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New type of stem cell may make study of human embryos easier

New type of stem cell may make study of human embryos easier

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Scientists have found a new type of stem cell, one that can develop into any kind of tissue in the body, that may make research on early embryonic cell states easier — and could lead to new research opportunities for developmental disorders.

The new human embryonic stem cells were injected into mouse embryos in the lab, leading to different early-stage tissues after 36 hours, according to the paper published in Nature. That’s in contrast to two types of conventionally used human stem cells, which didn’t develop when injected into the non-viable mouse embryos.

Today’s new kind of stem cell may allow scientists to better study developmental disorders at their earliest stages and "has huge implications for regenerative medicine," says study author Juan Carlos Izpisua Belmonte. With improvements in the technology, it may be possible to generate human cells, tissues, and organs in another species, like a pig — which can then be used for transplant, he says. "Of course, the ethical implications behind creating a human-animal chimera for the purpose of obtaining human tissues and organs to save lives of millions need to be carefully evaluated."

This isn’t the first time that human cells have been integrated into a mouse embryo. In 2006, scientists injected human embryonic stem cells into a non-viable mouse embryo and let the cells develop for a few days; the human cells contributed a little. Another similar experiment was published by Nature in 2013, also showing some human cell contributions. But today’s paper is the only one that determined that the human cells created the three germ layers of cells — suggesting that these cells can produce all types of cells in the body.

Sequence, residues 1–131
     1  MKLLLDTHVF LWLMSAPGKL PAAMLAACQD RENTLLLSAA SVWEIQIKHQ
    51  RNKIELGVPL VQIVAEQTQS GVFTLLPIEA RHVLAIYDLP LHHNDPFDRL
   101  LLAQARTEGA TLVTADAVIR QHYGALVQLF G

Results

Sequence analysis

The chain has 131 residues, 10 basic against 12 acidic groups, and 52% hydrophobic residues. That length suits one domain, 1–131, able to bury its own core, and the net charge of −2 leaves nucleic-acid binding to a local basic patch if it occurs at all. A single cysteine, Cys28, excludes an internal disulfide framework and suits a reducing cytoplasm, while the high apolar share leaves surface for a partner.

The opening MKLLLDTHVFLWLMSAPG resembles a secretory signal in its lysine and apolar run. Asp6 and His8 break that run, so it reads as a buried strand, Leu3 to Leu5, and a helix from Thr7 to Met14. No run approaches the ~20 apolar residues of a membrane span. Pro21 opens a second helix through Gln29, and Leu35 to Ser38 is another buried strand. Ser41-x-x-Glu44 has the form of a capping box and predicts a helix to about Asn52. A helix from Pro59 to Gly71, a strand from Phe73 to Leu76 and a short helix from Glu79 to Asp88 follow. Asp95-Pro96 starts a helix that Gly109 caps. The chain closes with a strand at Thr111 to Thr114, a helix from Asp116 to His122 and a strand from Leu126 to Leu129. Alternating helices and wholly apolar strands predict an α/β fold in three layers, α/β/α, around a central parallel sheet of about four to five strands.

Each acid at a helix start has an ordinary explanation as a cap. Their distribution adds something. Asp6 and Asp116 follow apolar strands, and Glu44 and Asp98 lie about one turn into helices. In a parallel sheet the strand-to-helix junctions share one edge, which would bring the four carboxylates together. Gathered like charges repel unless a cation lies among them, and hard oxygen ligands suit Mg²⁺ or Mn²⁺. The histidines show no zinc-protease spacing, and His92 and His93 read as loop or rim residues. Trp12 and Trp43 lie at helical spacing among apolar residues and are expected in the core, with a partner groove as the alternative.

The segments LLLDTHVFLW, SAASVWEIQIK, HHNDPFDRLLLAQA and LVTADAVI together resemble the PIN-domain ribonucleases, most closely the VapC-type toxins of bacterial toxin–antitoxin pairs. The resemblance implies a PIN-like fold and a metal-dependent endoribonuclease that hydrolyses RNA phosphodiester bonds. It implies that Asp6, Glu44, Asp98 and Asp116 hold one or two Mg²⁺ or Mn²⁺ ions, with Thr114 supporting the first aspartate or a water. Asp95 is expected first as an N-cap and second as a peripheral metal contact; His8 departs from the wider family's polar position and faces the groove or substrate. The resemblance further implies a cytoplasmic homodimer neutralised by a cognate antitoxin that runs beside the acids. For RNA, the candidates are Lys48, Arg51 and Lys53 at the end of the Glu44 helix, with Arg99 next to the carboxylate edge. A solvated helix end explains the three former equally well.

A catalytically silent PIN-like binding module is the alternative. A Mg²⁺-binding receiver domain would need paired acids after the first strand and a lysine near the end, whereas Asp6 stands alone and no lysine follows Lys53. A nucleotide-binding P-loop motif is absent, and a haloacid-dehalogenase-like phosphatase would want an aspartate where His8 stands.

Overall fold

For the last several years, scientists have recognized that different kinds of pluripotent stem cells — the ones that produce all the body’s cell types — exist. In living creatures, these pluripotent states don’t last long; they’re only around in the earliest stages of development.

"The kick for me was the human data.""At first, I looked at this like okay, fine, we have a new pluripotent state," says Kathrin Plath, an associate professor at UCLA’s Broad Center of Regenerative Medicine and Stem Cell Research. She wasn’t involved in the research. "But when I got to the primate data, that was what made me excited about the paper. The kick for me was the human data."

Previously scientists have derived pluripotent stem cells from structures containing clustered cells that eventually become the embryo, called blastocysts, or early post-implantation embryos. These lineages need to be cultured in the lab dissimilarly, show different molecular characteristics and behave distinctly when they’re injected back into host blastocysts.

Mouse chimeras have been crucial for exploring how genes work in the body One puzzling thing about these cells has been that mouse and human embryonic stem cells behave very differently, even though they’re derived from a stage in development that seems to be "reasonably equivalent," says Uta Grieshammer, the science officer at the California Institute for Regenerative Medicine. That may be because those states aren’t really that similar, she says. Mouse embryonic stem cells are considered "naive," meaning that when they’re injected into a blastocyst that can’t make embryonic tissue, a whole mouse results. Mice made using this technique are called chimeras; they contain cell types from genetically distinct cells. (Chimeras occur naturally as well; if you have a friend with different-colored eyes, you know a chimera — that person was twins who merged in the womb.)